Virtually all catastrophic events in man-made systems are related to technical failures made possible by organizational failures. This explains why catastrophic events continue to occur despite widespread implementation of sophisticated technical and management systems. Deepwater Horizon and Texas City disasters are examples of events caused by weak organizational safety—the context within which technical and management systems function.
Let’s be clear, there is no such thing as a safe workplace. Sure we can slap each other on the back and brag to one another about the four years without a recordable injury and we can tell ourselves that we have achieved a Utopian risk-free workplace but the reality is, there is always some probability that a worker will be harmed in the course of doing his or her job.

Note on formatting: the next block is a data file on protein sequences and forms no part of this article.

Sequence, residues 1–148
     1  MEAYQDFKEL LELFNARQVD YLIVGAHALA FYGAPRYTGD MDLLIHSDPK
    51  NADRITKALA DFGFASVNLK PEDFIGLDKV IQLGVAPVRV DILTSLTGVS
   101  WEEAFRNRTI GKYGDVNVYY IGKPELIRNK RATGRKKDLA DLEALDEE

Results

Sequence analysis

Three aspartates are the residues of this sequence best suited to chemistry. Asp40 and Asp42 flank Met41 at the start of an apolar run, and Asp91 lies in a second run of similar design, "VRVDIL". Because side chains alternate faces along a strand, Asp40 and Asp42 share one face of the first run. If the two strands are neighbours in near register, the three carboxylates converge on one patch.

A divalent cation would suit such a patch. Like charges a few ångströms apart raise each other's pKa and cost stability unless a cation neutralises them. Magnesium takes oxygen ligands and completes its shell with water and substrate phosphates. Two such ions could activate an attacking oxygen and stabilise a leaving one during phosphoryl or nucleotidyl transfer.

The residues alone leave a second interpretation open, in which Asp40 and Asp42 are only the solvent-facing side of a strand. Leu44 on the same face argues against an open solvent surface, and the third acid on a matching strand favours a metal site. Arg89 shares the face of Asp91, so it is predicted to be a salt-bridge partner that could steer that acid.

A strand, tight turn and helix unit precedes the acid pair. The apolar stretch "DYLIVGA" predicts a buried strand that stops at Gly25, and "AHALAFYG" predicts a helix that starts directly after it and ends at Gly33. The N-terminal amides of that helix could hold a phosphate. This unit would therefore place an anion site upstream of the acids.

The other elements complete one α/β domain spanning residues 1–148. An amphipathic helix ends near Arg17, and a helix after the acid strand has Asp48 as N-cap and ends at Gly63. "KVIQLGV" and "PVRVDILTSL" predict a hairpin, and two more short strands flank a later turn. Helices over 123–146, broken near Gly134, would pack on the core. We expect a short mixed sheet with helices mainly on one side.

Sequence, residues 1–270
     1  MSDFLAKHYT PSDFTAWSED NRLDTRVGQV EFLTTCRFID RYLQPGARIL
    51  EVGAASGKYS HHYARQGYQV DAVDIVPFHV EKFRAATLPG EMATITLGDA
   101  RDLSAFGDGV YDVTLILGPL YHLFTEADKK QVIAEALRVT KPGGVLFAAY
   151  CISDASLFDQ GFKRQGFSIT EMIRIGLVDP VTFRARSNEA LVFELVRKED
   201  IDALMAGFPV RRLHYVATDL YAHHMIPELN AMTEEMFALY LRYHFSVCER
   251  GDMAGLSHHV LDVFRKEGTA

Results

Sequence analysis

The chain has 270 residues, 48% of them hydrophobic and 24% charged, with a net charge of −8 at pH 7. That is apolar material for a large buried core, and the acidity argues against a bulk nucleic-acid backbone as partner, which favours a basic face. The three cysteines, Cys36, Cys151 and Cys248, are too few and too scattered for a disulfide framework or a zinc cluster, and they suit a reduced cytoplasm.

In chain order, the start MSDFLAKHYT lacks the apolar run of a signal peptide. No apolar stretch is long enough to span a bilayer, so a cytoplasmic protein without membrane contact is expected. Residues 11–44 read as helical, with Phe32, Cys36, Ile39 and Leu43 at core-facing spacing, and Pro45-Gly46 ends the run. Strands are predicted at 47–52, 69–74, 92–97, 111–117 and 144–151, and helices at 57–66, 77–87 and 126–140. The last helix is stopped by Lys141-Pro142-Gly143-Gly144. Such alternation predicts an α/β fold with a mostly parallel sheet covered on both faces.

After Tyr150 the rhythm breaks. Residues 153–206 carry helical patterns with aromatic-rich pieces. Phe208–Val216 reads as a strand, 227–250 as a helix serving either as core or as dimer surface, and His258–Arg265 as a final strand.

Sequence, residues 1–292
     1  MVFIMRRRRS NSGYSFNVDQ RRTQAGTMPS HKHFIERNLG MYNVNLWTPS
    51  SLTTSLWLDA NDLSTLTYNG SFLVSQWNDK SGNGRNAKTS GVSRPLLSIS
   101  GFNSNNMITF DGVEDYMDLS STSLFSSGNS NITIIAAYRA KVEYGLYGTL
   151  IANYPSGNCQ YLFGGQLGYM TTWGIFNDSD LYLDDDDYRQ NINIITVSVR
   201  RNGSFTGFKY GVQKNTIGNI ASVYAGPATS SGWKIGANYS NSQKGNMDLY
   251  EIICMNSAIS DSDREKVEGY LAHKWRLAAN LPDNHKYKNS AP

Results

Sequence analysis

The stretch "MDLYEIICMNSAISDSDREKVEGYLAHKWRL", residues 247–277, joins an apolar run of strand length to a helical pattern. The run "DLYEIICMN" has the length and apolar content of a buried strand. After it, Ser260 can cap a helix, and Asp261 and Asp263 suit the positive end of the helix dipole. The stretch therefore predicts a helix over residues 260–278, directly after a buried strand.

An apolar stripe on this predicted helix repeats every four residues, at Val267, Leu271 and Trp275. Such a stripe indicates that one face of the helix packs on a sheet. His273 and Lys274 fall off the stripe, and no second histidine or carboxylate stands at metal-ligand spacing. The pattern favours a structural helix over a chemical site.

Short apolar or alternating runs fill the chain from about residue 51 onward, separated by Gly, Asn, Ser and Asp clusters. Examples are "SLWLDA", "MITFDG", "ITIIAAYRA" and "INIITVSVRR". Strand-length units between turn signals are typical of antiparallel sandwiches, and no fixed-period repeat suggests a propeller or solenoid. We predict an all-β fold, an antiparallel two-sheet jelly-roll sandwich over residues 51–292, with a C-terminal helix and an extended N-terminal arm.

There is a very good chance that we have all heard that safety starts at the top. This is not a cliché’ as some may think. All safe workplace efforts must start with top management leading the way with a vision for the company.
I discovered these factors that influence behavioral ethics in the course of my doctoral research, when I analyzed 150 different derailments within organizations. Since then, these factors have been tested in various studies.
ISHN is celebrating it's 50th anniversary this year. Check out their big anniversary issue, which includes content on the 50 leaders for today and tomorrow, historic dates since 1967 and 30 impact individuals in the safety industry